A Letter to Mr. Neptune

Continuing my series on examining my navel.

Dear Mr. Neptune,

Your oceans of the world are truly breath-taking. The power you can display in the odd wave or million through to the tranquility you so often also display defy rational explanations.

I have had the profound experience of sailing upon your waters, dear Mr. Neptune, over a number of years sailing back and forth between Cyprus and Turkey. Not a long distance but still sufficient to experience being solo on a yacht day and night.

Tradewind 33 – Songbird of Kent. My home for five years.

Then on my way sailing back to Plymouth, SW England, the magical, almost primeval, feeling of being alone on the Atlantic Ocean. Looking up at the night sky, feeling so insignificant, so infinitesimally minute with 500 miles of open ocean in all directions and those stars above my head.

No question, that practically everything about your oceans is beyond the understanding of us humans. Indeed, I had to look up online how much water there is on Earth to discover there is:

It’s roughly 326 million cubic miles (1.332 billion cubic kilometers), according to a recent study from the U.S. Geological Survey.

Because I simply didn’t have a clue.

And knowing there are approximately 326 million cubic miles of water doesn’t help because I am still left not having a clue as to what that means!

So, thank goodness, Mr. Neptune this is all a ‘walk in the park’ for you!

But I do have a question for you.

What do you make of this?

The image is cropped from the following:

The description of these figures is:

Figure. (upper) Change in global upper-level (0–2000 m) ocean heat content since 1958. Each bar shows the annual mean relative to a 1981–2010 baseline. (lower) Annual mean ocean heat content anomaly in 2017 relative to a 1981–2010 baseline.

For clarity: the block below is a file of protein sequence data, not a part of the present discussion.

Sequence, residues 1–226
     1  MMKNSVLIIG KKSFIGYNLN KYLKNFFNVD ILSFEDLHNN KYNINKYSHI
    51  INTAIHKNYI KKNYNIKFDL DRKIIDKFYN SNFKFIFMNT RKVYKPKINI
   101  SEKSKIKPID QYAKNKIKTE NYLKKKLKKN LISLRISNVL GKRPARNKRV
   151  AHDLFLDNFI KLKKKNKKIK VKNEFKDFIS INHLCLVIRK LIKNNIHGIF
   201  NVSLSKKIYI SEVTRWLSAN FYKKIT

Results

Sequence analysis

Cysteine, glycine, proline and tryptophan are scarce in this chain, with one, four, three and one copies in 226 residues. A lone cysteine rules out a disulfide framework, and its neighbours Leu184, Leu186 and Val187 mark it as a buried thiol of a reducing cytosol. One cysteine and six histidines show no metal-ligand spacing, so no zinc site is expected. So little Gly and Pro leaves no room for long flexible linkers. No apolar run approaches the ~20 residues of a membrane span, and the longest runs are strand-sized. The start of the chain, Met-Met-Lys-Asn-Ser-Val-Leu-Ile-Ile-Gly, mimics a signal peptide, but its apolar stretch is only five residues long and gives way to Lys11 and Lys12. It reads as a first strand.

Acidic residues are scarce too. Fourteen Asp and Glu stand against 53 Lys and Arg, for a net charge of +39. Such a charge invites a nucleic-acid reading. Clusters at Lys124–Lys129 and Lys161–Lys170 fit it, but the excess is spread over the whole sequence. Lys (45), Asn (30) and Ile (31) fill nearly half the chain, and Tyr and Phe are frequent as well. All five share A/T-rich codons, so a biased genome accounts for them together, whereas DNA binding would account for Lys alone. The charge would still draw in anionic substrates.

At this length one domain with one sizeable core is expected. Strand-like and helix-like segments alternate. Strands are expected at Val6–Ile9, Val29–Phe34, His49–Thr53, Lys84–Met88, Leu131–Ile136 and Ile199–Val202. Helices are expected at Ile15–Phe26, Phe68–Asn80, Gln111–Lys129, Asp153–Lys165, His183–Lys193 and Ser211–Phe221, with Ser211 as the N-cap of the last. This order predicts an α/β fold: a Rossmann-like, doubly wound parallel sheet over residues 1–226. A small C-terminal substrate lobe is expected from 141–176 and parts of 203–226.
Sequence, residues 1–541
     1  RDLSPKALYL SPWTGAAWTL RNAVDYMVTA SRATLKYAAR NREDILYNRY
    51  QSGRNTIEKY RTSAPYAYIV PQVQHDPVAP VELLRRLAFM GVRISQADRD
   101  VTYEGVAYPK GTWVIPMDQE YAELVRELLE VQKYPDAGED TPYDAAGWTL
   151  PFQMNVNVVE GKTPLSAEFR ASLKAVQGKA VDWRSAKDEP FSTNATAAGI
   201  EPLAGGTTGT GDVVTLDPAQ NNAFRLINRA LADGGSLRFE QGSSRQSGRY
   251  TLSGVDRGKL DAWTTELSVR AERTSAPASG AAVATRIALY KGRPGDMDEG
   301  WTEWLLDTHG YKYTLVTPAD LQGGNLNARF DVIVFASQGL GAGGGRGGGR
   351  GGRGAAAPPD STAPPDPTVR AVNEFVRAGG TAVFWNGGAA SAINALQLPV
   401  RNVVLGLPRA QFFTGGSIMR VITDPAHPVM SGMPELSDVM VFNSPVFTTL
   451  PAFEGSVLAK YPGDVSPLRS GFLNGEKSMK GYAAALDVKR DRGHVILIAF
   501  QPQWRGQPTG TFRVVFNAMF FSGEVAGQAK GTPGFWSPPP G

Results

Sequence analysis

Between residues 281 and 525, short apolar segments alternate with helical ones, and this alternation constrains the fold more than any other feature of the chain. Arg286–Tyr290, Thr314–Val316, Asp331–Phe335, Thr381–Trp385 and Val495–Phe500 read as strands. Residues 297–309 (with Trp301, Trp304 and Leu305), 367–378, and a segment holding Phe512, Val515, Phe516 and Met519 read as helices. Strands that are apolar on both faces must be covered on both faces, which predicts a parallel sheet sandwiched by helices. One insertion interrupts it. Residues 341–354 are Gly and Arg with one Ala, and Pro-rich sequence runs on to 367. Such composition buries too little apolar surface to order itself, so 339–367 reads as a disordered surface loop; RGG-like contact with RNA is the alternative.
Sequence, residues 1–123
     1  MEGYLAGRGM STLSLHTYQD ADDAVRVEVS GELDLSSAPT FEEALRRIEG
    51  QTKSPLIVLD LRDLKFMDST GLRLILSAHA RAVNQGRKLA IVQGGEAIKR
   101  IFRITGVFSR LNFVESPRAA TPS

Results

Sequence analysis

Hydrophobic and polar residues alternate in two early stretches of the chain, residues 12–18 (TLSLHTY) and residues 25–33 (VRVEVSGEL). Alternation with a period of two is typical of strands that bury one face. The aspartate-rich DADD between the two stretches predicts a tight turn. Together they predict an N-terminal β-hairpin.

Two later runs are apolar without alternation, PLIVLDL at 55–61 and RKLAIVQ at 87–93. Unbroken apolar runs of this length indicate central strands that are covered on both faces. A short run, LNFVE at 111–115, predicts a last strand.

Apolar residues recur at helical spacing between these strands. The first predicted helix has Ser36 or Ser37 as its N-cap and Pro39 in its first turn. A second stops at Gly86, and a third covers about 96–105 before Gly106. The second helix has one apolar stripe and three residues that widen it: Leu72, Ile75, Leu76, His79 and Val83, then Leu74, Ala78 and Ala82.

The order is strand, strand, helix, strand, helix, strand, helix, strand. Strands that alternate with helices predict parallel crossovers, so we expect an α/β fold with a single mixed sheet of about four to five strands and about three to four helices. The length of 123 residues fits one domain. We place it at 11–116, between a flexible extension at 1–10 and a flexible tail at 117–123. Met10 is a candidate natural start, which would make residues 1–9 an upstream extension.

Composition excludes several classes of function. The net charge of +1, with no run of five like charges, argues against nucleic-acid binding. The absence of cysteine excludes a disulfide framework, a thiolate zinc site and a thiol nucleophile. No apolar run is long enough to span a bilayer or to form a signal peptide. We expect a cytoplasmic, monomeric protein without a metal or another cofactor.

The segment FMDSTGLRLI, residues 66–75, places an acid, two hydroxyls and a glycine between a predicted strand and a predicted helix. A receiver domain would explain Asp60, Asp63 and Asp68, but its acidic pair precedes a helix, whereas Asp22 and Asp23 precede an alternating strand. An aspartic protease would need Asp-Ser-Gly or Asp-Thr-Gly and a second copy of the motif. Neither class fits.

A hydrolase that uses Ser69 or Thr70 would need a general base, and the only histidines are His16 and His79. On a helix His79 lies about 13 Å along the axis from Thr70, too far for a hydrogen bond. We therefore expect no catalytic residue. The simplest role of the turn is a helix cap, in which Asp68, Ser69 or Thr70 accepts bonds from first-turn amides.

And it was taken from research undertaken by Lijing Cheng and Jiang Zhu and found on the web here.

Ocean Heat Content

Owing to its large heat capacity, the ocean accumulates the warming derived from human activities; indeed, more than 90% of Earth’s residual heat related to global warming is absorbed by the ocean (IPCC, Cheng et al. 2017). As such, the global ocean heat content record robustly represents the signature of global warming and is impacted less by weather-related noise and climate variability such as El Niño and La Niña events (Cheng et al. 2018). On the other hand, ocean thermal expansion due to ocean temperature change contributes substantially (30%~50%) to the sea level change, which can considerably influence human populations in coastal and island regions and marine ecosystems. Therefore, monitoring the OHC changes and understanding its variation are crucial for climate change.

Is it possible, Mr. Neptune, that even you as the master of all our oceans is worried about the future?

I hope not but I do fear your answer.



14 thoughts on “A Letter to Mr. Neptune

  1. I love the ocean. Whenever I need to calm down, I find that being near a body of water soothes my soul.
    Yes, it is concerning to have the water temperatures rising. Certainly doesn’t help when in the throes of hurricane season.


  2. Great script Paul, and good questions, and I expect Mr Neptune is also worried as to why the fish in his large ocean are being washed ashore dead and why Dolphins and Whales are beaching themselves..
    Did you hear about the Beluga Whale in the river Thames this week?


    1. I heard about that too Sue. I myself have seen harbour porpoises inland far up the Trent river in Gainsborough. A worrying trend for a cetacean that belongs in Scottish coastal waters.

      Liked by 1 person

      1. Oh, I wish we lived closer to Portland for Jean and I would attend that rally. But I will promote it here on Learning from Dogs. Shame, for we are in Portland on the evening of the 10th.

        Liked by 1 person

  3. Lots to think about. I do know what you are talking about though looking up at the stars at night from a smallish vessel with no land in sight. It is quite amazing and over powering at the same time.


    1. It is a very special sight. and that’s an understatement! I recall a night when about 4 days out of Horta in The Azores, heading for Plymouth, when there was such a clear, still night, plus the absence of any moonlight, that one could see the stars almost down to the horizon all 360 degrees around me and my boat. I fell in love with the night sky then and that love has never left me!

      Liked by 1 person

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